Patil sister said, “see Bakul! All boys are coming and everyone is asking Vijaya how she is but nobody is asking you. Boys are very bad, no?” I concurred silently. She continued, “But I am not like them. I asked you first and I put bandages on you, no?”

Vijjy was taken to Rajawadi hospital in Ghatkopar – all serious cases beyond the capability of our hospi were diverted there. This made me even more panicky. Fortunately, the mob of angry young men disappeared as soon as Vijjy left, and only a few girls stayed to see that I was properly discharged.

Patil sister said, “see Bakul! All boys are coming and everyone is asking Vijaya how she is but nobody is asking you. Boys are very bad, no?” I concurred silently. She continued, “But I am not like them. I asked you first and I put bandages on you, no?” I mumbled something about her not being a boy, and I got a playful pinch on my cheek and a “you’re a naughty boy!”

Shashank, Vijay and Birjoo came to the hospi on Shashank’s Bullet. I couldn’t kick-start my mauled bike with my injured foot, so they did it for me. News of the accident had reached H4, of course, and I was overjoyed to see a huge reception committee at the entrance when we got there. I felt loved and cared for. I hadn’t even gotten off my mobike when a mob of guys surrounded me. They asked me what she was wearing, how she fell, whether I carried her to the hospi alone, where she was hurt, where she was now, what happened to her cycle, whether I  got to see any privileged sites, and so on and so on. Someone had handed me Vijjy’s case of shuttlecocks at some point, and one of my numerous interlocutors grabbed it and inspected every last shuttle cock. He then gave it back to me and asked if I would be going to Vijjy to return her case and wondered if he could come with me, as my friend.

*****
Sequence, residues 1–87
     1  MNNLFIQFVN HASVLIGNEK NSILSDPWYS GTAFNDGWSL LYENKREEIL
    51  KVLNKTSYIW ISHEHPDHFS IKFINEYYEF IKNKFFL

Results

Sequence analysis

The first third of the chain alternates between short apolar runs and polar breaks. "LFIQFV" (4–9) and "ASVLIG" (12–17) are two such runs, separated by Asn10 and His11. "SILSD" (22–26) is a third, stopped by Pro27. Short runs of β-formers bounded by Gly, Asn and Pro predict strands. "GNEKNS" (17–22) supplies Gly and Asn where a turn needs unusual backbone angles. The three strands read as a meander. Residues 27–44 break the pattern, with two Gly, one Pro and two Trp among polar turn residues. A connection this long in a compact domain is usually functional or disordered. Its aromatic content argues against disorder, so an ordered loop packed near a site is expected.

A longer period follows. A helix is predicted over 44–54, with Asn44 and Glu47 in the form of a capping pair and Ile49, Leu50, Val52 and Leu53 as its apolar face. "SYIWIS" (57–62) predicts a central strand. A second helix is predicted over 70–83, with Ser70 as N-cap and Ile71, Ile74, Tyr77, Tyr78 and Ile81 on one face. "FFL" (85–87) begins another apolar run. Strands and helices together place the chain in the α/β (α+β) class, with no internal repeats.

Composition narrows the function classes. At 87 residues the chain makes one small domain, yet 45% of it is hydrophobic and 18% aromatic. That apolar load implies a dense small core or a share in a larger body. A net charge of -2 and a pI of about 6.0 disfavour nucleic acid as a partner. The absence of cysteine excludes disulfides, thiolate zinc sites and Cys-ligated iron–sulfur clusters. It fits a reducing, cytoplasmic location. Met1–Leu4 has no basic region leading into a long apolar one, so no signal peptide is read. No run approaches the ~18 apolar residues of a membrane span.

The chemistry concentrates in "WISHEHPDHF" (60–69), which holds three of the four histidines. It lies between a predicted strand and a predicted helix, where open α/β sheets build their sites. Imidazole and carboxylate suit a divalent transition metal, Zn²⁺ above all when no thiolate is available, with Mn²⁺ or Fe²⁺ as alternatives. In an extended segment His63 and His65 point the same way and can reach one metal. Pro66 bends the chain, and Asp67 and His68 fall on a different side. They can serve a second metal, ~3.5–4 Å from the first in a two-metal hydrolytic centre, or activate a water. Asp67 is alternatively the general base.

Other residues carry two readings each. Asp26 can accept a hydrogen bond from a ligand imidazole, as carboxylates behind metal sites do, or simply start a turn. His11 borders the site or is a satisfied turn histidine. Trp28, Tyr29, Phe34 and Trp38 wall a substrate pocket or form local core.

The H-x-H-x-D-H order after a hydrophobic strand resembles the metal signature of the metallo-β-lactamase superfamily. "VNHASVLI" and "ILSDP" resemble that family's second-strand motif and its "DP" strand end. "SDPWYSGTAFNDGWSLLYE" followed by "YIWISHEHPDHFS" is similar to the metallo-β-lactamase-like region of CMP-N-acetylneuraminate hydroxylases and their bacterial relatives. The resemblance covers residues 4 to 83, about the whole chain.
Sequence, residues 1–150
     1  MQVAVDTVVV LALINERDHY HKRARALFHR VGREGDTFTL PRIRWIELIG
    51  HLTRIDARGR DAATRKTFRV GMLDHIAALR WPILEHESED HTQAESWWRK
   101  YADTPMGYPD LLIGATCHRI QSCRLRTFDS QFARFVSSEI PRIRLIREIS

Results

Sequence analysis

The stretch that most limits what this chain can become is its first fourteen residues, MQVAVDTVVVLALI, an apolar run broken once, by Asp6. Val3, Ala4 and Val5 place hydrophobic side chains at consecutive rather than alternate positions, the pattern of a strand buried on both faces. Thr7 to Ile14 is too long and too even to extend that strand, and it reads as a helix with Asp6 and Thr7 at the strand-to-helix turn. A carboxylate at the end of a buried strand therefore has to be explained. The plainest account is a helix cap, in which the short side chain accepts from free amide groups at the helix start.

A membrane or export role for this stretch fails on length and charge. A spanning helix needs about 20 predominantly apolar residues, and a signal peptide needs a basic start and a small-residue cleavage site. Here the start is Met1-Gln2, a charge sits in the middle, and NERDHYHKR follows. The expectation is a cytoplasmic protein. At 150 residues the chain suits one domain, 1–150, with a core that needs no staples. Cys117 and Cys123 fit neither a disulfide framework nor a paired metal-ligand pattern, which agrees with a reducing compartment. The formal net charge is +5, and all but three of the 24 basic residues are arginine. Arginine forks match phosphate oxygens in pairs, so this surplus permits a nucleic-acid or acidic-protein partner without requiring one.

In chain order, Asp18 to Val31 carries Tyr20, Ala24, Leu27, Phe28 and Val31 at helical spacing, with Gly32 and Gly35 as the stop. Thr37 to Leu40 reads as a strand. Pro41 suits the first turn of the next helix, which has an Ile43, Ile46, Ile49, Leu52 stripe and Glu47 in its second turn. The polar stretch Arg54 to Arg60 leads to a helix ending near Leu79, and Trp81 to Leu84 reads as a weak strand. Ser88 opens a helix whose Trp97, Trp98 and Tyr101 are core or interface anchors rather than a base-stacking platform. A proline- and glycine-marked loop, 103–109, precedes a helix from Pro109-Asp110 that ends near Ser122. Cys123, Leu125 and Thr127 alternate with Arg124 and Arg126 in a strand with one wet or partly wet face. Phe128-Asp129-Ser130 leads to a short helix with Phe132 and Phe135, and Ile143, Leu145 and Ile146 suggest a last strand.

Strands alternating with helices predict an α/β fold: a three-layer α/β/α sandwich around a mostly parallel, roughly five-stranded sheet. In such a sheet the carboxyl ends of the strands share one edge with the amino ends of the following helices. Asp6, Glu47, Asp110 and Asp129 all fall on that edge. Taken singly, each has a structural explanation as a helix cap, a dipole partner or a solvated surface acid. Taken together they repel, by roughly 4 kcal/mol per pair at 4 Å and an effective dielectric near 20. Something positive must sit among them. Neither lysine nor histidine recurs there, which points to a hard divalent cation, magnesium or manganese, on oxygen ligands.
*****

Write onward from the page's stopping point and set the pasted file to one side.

Vijjy returned from Rajawadi the next day. Her face was bloated and badly bruised. Her Dad came for her, to take her home to Baroda. Before Vijjy left, I went to see her. Manjunath Pai chauffeured me there on his cycle, my aching foot wouldn’t even let me walk without a limp, leave alone start a mobike. Vijjy greeted me with a handshake and said that she was sorry, and that it was her fault, and that she felt bad about putting me through so much agony. This gesture touched me. I quickly agreed that it was her fault and told her not to worry. She was welcome to get knocked down as often as she liked and I wouldn’t feel agonized at all, I said. The girls in her room went into paroxysms of laughter and I realized what I had said. I scurried out quickly while muttering my next blooper, “see you next accident.”

This gesture touched me. I quickly agreed that it was her fault and told her not to worry. She was welcome to get knocked down as often as she liked and I wouldn’t feel agonized at all, I said.

Back at the hostel, there was another mammoth reception committee awaiting me. News had spread that She shook my hand. How? Pai was with me the whole time and had not stopped anywhere to make a call. There were some friends of Vijjy’s from H1 in her room, but they didn’t look like the types who could spread this news beyond their own wing. Anyway, this time, my hand was almost pulled out of my body. Every guy vigorously shook my hand. A few attempted to take that hand toward their face and neck, at which point I reclaimed it in disgust. They thought of a new method. They shook my hand and then applied the molecules of that second-order handshake to their faces, lips, neck and wherever else they thought they needed to. For the first time, I felt I might have been better off in Vijjy’s shoes – her head injury seemed preferable to this mental torture from these logicians. Their logic –

A girl shook hands with Bakul

Bakul shook hands with me.

Therefore, the girl shook hands with me.